Internal Listening and Anger Management

Compare Scenario A and Scenario B. What is the difference between the orientations of (hypothetical persons) Esbert and Isko?

Esbert



Scenario A: Esbert

Office co-worker: “You’re stupid!”

Esbert:“You’re damn worse!” (then boxes co-worker in the face)
Isko



Scenario B: Isko

Office co-worker: “You’re stupid!”

Isko: “I am not sure what made you say that.”



Notice that Esbert in Scenario A is externally-attentive, while Isko in Scenario B is internally-attentive. Read about “internal attention” in the following blog posts: “L13- Learning How to Learn”, “The Reflective Knowledge Worker” and “External Attention Can Block Your Learning”.

Probably, the sequence of internal states in Esbert went like this:

  1. Statement from office co-worker –>
  2. Esbert feels angry –>
  3. An intention emerged in Esbert –>
  4. Verbal reaction by Esbert –>
  5. Action by Esbert.

I liken this sequence to a “run-away train” because:

  • An external stimulus put Esbert in the run-away train.
  • Esbert is NOT in conscious control; he did not decide to ride the run-away train.
  • Once Esbert rides the run-away train, it takes him through.
  • The process is a “reaction”: an automatic, externally-initiated behavior.

On the other hand, Isko who is internally-attentive will be aware that he is riding a potentially run-away train. He is aware as he is going through 1-2-3-etc. In other words, he is aware of his anger as well as any intentions arising from that anger. However, because he is so aware, he has the choice of consciously getting off the run-away train. He can stop at 2 or 3 before going to 4 or 5.

Internal listening gives Isko the power of choice that Esbert did not have! Awareness empowers Isko with conscious choice. Awareness allows Isko to consciously control his anger, compared to anger controlling Esbert unconsciously.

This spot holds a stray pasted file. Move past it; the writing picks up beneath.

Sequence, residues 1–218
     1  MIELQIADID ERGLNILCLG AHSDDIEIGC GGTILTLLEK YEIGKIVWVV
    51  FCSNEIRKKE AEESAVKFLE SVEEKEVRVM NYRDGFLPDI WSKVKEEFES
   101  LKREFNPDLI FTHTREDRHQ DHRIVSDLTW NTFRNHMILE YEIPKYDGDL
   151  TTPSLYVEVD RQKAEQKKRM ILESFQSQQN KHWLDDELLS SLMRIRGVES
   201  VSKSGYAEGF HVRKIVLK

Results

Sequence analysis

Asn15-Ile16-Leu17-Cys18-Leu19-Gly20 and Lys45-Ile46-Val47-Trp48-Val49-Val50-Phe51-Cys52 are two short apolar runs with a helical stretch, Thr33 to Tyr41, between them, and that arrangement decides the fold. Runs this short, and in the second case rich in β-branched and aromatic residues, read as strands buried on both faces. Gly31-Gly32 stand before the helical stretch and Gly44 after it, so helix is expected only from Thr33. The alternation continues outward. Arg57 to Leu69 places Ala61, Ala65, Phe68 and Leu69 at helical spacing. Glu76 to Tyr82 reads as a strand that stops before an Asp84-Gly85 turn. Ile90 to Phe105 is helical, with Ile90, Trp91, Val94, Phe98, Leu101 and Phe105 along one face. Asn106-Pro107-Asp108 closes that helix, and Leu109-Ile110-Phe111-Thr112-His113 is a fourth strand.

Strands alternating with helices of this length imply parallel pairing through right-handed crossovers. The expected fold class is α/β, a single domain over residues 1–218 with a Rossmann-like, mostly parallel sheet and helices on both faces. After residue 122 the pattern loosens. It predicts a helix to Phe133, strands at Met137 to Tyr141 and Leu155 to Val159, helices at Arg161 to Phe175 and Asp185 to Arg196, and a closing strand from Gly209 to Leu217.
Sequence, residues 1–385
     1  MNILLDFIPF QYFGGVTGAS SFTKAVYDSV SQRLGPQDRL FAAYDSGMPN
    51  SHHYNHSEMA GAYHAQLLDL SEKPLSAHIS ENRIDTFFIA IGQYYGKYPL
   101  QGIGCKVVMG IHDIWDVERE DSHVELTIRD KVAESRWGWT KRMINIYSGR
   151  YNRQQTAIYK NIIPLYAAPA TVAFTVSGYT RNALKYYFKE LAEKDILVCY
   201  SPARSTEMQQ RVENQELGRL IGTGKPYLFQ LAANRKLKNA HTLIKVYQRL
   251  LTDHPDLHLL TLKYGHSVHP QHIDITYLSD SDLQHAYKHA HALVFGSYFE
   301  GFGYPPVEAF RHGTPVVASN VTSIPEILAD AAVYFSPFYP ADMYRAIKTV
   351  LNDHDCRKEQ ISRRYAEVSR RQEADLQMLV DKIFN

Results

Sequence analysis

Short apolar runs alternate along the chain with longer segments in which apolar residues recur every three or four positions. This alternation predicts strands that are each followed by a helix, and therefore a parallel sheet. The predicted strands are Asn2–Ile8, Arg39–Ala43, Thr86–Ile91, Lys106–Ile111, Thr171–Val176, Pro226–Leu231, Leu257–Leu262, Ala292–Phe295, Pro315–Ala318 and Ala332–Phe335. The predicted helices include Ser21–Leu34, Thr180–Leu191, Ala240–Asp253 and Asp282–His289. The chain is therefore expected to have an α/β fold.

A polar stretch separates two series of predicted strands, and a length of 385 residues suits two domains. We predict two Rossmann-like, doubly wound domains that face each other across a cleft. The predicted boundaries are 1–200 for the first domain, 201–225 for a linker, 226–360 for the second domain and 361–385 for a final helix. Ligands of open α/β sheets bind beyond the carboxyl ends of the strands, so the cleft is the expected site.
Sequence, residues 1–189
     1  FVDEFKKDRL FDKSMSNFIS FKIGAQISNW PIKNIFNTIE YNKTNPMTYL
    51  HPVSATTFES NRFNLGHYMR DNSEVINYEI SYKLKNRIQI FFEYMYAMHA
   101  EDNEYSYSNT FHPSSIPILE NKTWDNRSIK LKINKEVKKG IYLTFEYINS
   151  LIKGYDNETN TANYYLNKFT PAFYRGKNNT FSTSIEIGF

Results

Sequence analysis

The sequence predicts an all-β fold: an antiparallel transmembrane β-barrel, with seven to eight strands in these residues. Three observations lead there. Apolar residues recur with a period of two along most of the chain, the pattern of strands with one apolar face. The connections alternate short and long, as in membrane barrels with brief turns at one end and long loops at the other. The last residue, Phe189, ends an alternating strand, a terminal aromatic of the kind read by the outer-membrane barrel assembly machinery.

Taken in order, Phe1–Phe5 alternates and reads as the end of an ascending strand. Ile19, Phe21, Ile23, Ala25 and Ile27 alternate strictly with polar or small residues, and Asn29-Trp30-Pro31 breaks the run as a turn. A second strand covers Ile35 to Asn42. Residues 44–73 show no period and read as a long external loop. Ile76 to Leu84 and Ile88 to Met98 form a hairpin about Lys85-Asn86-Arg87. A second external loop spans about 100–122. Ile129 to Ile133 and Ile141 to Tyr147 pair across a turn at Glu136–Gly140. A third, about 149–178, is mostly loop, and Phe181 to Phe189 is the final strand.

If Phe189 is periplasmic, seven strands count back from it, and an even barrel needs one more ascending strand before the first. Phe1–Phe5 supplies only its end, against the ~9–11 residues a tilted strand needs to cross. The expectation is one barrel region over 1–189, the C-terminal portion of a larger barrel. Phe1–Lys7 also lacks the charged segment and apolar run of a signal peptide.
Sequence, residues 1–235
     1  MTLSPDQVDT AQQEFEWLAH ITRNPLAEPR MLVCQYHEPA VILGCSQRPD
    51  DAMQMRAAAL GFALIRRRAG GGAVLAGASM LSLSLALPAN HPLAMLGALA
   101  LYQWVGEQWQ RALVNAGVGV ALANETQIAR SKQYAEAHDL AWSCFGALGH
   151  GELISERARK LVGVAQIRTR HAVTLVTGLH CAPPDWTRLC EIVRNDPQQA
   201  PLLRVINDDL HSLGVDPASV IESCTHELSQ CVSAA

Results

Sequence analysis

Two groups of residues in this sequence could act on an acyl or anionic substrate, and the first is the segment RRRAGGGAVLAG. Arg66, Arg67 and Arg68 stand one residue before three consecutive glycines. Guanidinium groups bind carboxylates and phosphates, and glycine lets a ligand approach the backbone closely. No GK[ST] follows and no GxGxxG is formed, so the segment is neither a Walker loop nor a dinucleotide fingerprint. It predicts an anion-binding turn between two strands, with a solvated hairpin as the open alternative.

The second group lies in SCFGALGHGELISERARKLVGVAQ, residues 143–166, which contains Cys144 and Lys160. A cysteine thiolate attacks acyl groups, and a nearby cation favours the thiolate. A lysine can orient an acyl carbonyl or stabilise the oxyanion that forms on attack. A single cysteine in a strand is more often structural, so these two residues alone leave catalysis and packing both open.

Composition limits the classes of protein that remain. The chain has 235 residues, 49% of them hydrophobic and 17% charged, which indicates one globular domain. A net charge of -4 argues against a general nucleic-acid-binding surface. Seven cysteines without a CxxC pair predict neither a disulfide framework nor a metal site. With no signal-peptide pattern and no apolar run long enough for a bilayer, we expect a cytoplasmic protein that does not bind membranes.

Listen to Aristotle writing in The Nicomachean Ethics:

“Anyone can become angry – that is easy. But to be angry with the right person, to the right degree, at the right time, for the right purpose, and in the right way – that is not easy.”

Aristotle

Aristotle was the mentor of Alexander the Great, the man who conquered the world from the Mediterranean to India. It is likely that Aristotle also mentored Alexander in how to conquer the world within. It is highly possible that Alexander the Great had Power of the Third Kind.

Alexander the Great

Note that there are embedded links in this blog post. They show up as colored text. While pressing “Ctrl” click on any link to create a new tab to reach the webpages pointed to. Thanks to Wikimedia Commons for the last two images in this blog post.

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3 Responses to “Internal Listening and Anger Management”

  1. Marivic Castro Says:

    I think spontaneity is not only a natural reaction but is also a ‘coping’ mechanism to adapt to its environment. Anger as it is released through reaction or its expression may be positive for the person expressing it as it relieves that person of anxiety and thus make him more ready to cope with his anger. This may be medically sound and could be beneficial for the mental health of a person.

  2. apintalisayon Says:

    Hi Marivic!

    What I hear you saying is that anger can be useful.

    I think what is “bad” is unconscious anger, where the person is “controlled by his anger.” When Isko gets angry (of course he gets angry too like Esbert), it is a considered or conscious decision to be angry; he “controls the anger.”

  3. Emotional Hurdles of Today | Online Business News, Ideas, Strategy Says:

    […] Internal Listening and Anger Management « Apin Talisayon's Weblog […]

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